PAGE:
Updated by Craig Berry.
Buying a home is part of the American Dream. Buying a home in a seller’s market, however, can make things a bit more challenging.
Homes go relatively quickly in a hot seller’s market, when there simply isn't a lot of inventory.
Unlike a buyer’s market, price isn’t always the main factor that determines who wins in multiple bidding scenarios, says Brad Nix, COO / Owner of Path & Post Real Estate in Woodstock, Georgia.
According to Nix, other terms matter almost as much, if not more, than price. “In a seller’s market, sellers generally assume they’ll get their asking price.”
Here are six things to know when buying a home in a seller's market:
No. 1: Home-buying competition is fierce>
From a buyer’s perspective, not only do you have fewer choices in a sellers’ market, you’re likely to have bidding wars, all-cash buyers and quickly escalating prices.
In this type of environment, there are more buyers than there are homes available for sale. Less inventory breeds competition. Gone are the days of lowball offers. In a hot market, buyers need to be prepared to pay full price for a home, or sometimes pay over the asking price. But don't give up if you don’t get the first home you bid on.
"It’s not unusual for buyers to submit three or four offers before finally submitting that 'winning' offer," observes Nix.
Even after your offer is officially accepted, it's best to hold the excitement until after closing.
No. 2: Get a great realtor
The resources, experience and skills of a realtor are priceless when it comes to buying in a seller's market. Agents offer advice, education, networking and advocate and negotiate on your behalf.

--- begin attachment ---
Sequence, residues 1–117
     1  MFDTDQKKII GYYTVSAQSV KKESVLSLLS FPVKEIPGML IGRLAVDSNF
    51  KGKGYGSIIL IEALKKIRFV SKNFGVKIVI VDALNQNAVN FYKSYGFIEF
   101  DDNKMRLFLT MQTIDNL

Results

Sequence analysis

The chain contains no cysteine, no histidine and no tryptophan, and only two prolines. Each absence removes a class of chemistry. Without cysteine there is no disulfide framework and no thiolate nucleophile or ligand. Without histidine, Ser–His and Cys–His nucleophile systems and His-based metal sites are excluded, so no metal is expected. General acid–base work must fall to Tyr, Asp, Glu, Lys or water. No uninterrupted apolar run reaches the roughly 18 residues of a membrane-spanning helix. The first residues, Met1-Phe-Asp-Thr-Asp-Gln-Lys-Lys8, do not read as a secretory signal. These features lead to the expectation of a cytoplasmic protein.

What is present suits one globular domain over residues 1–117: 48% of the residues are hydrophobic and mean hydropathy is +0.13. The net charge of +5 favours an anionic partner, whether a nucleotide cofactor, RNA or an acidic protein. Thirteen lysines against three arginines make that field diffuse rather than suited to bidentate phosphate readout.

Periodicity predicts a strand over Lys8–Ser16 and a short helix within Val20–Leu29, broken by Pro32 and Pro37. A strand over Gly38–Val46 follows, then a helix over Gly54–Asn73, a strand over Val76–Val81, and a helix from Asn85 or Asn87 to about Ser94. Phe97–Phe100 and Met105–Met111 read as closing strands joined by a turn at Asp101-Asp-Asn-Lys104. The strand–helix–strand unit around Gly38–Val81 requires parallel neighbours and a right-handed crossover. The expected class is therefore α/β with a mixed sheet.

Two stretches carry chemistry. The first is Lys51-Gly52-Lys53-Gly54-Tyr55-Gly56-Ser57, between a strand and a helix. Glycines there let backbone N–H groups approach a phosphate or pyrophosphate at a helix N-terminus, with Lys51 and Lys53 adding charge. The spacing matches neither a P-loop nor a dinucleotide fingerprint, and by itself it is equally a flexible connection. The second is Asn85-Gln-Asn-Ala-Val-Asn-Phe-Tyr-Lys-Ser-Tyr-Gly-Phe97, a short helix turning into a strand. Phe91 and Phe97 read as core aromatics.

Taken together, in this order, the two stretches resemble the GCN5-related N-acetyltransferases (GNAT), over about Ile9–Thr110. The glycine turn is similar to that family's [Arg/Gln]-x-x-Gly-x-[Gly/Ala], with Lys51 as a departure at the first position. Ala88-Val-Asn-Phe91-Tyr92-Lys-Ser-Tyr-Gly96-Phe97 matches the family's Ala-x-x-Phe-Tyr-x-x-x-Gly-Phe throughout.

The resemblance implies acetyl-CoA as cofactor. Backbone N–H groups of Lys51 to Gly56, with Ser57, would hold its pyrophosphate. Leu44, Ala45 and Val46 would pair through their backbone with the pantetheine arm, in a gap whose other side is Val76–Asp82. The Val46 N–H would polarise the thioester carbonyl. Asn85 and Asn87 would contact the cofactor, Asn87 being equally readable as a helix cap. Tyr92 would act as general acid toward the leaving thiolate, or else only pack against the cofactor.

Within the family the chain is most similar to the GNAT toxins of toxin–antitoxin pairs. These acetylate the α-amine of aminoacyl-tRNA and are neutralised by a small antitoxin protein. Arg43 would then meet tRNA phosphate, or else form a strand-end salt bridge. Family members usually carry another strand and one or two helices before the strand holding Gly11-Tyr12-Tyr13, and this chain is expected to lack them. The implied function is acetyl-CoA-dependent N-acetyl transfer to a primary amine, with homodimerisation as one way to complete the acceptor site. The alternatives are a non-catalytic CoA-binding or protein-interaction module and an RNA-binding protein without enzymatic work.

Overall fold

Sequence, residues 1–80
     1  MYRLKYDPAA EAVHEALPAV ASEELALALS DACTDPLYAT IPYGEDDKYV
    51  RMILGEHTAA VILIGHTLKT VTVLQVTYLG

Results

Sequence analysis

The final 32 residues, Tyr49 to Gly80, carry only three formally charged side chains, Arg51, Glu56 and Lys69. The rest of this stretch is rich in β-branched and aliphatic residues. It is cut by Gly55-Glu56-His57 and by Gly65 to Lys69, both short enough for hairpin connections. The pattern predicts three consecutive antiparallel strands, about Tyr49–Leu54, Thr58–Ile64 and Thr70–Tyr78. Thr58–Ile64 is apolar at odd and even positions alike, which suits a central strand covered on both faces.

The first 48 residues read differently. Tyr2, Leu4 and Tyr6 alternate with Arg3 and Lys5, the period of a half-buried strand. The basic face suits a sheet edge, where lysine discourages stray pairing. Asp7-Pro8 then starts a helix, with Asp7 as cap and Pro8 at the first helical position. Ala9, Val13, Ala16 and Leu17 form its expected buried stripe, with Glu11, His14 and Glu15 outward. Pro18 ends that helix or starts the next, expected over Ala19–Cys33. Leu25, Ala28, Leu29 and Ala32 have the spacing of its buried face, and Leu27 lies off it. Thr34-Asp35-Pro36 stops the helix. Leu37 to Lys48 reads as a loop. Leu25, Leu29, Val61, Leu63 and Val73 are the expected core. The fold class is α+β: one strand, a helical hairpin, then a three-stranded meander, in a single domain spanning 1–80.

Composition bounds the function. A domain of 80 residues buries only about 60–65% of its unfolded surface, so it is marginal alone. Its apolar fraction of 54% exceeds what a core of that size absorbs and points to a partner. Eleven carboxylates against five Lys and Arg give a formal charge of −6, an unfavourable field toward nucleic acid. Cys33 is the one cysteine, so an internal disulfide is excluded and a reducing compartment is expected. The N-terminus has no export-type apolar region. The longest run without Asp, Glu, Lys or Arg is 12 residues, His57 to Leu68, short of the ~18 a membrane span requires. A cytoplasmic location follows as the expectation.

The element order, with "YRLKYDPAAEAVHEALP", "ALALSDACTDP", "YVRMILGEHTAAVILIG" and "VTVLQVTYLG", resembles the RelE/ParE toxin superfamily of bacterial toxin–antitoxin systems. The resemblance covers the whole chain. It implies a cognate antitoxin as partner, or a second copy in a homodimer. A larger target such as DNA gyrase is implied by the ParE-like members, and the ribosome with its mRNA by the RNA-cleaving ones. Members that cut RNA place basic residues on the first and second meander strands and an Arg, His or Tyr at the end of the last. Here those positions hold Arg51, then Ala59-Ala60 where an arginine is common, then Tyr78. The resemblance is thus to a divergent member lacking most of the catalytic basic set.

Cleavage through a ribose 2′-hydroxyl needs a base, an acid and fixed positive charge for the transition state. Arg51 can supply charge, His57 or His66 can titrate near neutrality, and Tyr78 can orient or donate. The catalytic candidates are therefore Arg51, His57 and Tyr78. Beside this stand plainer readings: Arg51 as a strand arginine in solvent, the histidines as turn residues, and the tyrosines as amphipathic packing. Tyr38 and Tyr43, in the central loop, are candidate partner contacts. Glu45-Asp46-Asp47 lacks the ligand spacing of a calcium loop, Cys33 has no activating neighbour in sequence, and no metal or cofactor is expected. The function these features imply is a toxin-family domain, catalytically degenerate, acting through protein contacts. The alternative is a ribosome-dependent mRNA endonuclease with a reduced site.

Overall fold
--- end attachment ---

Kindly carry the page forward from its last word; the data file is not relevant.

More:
Every detail matters, says Nix. “Working with an agent who’s experienced in these types of hot markets can make all the difference and save you lots of time in the long run.”
Remember, some agents work exclusively with buyers and some have more experience with sellers.
"You definitely want your own agent who can guide you in the process, tell you how and what to offer," advises Brendon DeSimone, real estate agent with offices in San Francisco and New York City and author of “Next Generation Real Estate.”
Your buyer's agent may have a relationship with the listing agent of a home you're putting a bid on. If you're using a well-respected buyer's agent, it can make a big difference and get your name at the top of the list, according to DeSimone.
DeSimone says that listing agents are often more apt to go with a buyer whose real estate agent is reputable and can get the deal done efficiently, especially if the seller needs to turn around and purchase a home quickly after the sale.
A good buyer’s agent knows how to set proper expectations according to the market they are in.
Preparing the buyer for a more difficult home-buying process than they imagined is also a crucial part of an agent's job, notes Rigsby. "You want an agent who tells you very bluntly what to expect and how to prepare for the harder parts of the process," she explains.